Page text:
Abu Bakr al-Baghdadi Is Dead (But His Legacy Lives on)
In short, Trump and U.S. forces deserve congratulations for ridding the earth of the murderous would-be caliph. But to believe the forces which propelled him to power and infamy will dissipate with his death would be naïve.
President Donald Trump confirmed on Sunday morning that U.S. forces killed Islamic State leader Abu Bakr al-Baghdadi in the early morning hours in a raid on his hideout in Syria’s Idlib province. Baghdadi reportedly detonated his suicide vest as U.S. forces approached, killing himself and his wives; his children reportedly survived.
Baghdadi’s death is certainly a victory, although it does not affirm Trump’s reasoning for his precipitous withdrawal from much of northeastern Syria nor his abandonment of the U.S. partnership with the Syrian Democratic Forces (SDF). Indeed, SDF commander Mazloum Abdi said in an email shortly after confirmation of Baghdadi’s death that the operation against the Islamic State leader was the result of five months’ “joint intelligence work” between the SDF and U.S. forces.
Nor does Baghdadi’s death mean the threat posed by the Islamic State is over.
In 2006, Matthew Philips—at the time a reporter for Newsweek (he currently is an editor at CNN)—wrote a contemptuous essay entitled “Bush’s New Word: ‘Caliphate’” in which he castigated the president for even citing the term. “The beauty of ‘caliphate’ is that no one but students of Islamic history have much more than a vague idea of what it means,” Philips wrote. Not only did the president err by dredging up a historical term with little relevance to the present day, he implied, but Bush was also wrong to ascribe a negative to a concept with roots in the golden age of Islam.
In hindsight, of course, Bush was right to understand that the concept of caliphate had deep resonance in the Islamic world. Baghdadi’s July 2014 public sermon in Mosul, Iraq, in which he declared himself caliph did not resurrect the concept, but merely tapped into something which many Muslims craved, hence his ability to attract within months fighters from more than 100 different countries.
It is this embrace of the caliphate which will survive Baghdadi’s death. That the Islamic State at its height controlled almost one-third of Iraq and Syria captured the imagination of extremist Muslims worldwide. That Baghdadi allowed his followers to enslave Yezidis and non-Muslims whom they captured also made real in contemporary society practices abandoned by most Muslims centuries ago. That he resurrected and legitimized such concepts will give them resonance for generations.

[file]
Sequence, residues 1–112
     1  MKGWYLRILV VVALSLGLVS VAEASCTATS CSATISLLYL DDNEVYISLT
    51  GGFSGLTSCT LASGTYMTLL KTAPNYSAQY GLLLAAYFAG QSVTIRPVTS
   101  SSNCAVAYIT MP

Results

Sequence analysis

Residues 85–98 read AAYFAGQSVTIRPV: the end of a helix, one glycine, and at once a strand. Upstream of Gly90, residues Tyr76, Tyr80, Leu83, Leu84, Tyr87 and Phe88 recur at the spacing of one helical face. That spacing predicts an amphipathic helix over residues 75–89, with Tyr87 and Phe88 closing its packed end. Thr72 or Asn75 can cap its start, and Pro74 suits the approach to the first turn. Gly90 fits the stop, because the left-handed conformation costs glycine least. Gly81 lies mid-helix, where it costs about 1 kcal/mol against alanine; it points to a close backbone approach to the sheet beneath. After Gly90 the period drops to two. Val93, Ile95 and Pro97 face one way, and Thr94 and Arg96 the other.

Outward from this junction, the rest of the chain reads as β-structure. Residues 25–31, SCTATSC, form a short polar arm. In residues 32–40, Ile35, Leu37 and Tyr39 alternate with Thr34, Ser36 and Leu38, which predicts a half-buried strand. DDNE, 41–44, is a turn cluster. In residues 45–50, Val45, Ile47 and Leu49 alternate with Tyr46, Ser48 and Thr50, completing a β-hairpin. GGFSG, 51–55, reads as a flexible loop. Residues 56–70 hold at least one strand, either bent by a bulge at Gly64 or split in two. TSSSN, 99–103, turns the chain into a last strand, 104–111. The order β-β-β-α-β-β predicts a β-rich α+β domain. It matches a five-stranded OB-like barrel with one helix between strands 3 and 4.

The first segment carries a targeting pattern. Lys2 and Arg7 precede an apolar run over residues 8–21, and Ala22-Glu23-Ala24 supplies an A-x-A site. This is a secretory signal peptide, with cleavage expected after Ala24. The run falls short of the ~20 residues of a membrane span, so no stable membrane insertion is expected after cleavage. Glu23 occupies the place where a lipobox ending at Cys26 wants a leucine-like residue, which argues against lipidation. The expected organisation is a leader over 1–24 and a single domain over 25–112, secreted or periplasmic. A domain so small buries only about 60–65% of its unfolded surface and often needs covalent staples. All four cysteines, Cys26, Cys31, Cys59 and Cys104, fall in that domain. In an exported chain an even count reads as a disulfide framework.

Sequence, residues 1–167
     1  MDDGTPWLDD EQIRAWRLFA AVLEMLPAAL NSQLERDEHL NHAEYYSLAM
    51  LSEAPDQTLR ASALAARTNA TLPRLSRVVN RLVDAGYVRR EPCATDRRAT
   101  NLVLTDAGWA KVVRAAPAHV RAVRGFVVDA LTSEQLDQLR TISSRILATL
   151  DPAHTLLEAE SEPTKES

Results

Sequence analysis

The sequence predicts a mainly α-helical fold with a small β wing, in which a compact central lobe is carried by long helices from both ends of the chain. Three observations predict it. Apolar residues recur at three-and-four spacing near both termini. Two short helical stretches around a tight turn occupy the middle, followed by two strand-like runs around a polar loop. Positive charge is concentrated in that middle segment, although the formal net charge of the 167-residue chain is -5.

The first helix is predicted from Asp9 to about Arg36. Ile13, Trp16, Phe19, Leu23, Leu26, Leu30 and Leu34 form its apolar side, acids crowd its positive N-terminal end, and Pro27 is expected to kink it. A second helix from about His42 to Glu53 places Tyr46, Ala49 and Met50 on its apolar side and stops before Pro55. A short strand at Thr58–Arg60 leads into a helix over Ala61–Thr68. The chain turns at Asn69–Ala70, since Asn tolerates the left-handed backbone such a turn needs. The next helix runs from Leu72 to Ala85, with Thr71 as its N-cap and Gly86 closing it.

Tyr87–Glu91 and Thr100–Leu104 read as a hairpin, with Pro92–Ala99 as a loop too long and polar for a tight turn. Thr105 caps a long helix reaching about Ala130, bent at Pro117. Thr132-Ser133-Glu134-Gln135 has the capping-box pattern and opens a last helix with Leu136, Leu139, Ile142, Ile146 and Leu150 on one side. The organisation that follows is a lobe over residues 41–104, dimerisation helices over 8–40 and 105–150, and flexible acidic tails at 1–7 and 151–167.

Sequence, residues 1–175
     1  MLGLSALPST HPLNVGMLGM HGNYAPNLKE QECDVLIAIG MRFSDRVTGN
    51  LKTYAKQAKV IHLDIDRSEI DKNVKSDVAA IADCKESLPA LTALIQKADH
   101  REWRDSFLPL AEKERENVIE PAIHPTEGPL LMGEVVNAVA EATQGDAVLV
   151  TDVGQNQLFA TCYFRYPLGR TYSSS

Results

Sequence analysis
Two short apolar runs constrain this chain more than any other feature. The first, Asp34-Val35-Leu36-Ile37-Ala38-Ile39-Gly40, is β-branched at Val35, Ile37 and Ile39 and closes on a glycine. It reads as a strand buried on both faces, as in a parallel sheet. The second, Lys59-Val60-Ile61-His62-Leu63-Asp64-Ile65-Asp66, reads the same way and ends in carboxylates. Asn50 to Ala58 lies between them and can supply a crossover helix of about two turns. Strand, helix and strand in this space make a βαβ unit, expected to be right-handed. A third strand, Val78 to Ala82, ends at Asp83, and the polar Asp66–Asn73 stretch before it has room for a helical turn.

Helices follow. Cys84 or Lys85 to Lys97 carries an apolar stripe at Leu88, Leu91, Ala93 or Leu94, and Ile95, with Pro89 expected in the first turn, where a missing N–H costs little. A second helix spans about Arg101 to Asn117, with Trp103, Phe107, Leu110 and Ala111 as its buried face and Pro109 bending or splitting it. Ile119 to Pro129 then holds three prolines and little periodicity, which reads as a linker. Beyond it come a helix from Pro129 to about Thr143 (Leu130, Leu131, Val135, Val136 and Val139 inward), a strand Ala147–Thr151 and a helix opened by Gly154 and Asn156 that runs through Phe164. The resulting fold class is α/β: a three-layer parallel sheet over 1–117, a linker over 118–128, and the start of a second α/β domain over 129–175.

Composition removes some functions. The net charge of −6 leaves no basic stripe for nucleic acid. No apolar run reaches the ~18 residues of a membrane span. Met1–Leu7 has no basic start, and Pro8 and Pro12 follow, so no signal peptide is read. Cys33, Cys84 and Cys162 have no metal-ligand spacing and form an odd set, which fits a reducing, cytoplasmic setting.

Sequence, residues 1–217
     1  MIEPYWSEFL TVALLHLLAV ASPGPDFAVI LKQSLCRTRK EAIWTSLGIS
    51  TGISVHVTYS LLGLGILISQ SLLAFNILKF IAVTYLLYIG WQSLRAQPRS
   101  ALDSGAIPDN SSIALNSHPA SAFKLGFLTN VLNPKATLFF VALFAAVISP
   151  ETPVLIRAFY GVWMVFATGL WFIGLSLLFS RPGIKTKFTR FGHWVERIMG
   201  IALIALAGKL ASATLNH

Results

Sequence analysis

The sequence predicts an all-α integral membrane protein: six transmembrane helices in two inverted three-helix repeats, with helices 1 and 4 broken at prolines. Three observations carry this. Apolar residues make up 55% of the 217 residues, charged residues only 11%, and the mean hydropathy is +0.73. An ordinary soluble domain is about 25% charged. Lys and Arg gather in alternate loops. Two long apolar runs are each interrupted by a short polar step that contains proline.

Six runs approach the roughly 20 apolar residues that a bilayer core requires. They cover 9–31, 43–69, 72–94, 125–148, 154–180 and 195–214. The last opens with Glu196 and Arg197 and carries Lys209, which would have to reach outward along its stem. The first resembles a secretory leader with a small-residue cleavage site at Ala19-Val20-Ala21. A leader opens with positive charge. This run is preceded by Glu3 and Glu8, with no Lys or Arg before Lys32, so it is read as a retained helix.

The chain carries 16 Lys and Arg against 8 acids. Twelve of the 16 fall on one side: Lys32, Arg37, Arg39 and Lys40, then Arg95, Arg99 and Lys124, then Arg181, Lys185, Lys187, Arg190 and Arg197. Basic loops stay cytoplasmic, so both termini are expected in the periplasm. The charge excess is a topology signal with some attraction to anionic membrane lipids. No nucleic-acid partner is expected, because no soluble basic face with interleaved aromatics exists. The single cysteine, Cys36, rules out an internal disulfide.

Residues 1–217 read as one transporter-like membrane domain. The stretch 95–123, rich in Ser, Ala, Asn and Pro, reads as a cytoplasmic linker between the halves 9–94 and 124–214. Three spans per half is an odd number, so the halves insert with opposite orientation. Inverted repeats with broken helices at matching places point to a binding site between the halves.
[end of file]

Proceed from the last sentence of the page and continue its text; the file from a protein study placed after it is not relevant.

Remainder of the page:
But does the nature of his death change things? The late Al Qaeda leader Osama Bin Laden famously quipped, “When people see a strong horse and a weak horse, by nature they will like the strong horse.” Perhaps this is why Trump highlighted that “he died like a dog, he died like a coward.”
The problem is that the Islamic State propagated an ideology which took the eventuality of Baghdadi’s death into account. In 2014, journalist Graeme Wood noted, “The Bahraini cleric Turki al-Bin'ali [who, prior to his death, was among the Islamic State’s top theologians] cites a saying attributed to Muhammad that predicts a total of twelve caliphs before the end of the world. Bin'ali considers only seven of the caliphs of history legitimate. That makes Baghdadi the eighth out of twelve.”
In practice, this means that any successor can try to tap into the same forces and resentment that propelled Baghdadi to power. If he succeeds, he can claim legitimacy as the ninth caliph; if he fails, then those seeking the caliphate can explain his death by saying that his faith proved he was not legitimate. Either way, however, Baghdadi’s concept of the caliphate can continue.
This is not just academic theory. I spent much of last week talking to political and military officials in Afghanistan and Pakistan. Afghanistan hardly hits the headlines in the United States today. When it does, it is often in the context of either a Taliban terrorist attack or U.S. Special Envoy Zalmay Khalilzad’s efforts to strike an agreement with the Taliban. Both of these, of course, concern Afghan and Pakistani authorities, but their biggest fear is that the Islamic State has established a presence between and perhaps within both countries. On October 18, for example, a suicide bomber killed dozens during Friday prayers in a Nangahar village in Afghanistan. Afghan officials said they suspect the Islamic State rather than the Taliban was to blame because the same mosque and townsmen had been threatened by the group weeks earlier.
In short, Trump and U.S. forces deserve congratulations for ridding the earth of the murderous would-be caliph. But to believe the forces which propelled him to power and infamy will dissipate with his death would be naïve. Trump has closed the chapter on the end of the beginning, but the next chapters in Baghdadi’s concept of the caliphate will play out for years, decades, and perhaps centuries to come.
Michael Rubin is a resident scholar at the American Enterprise Institute (AEI). You can follow him on Twitter: @mrubin1971.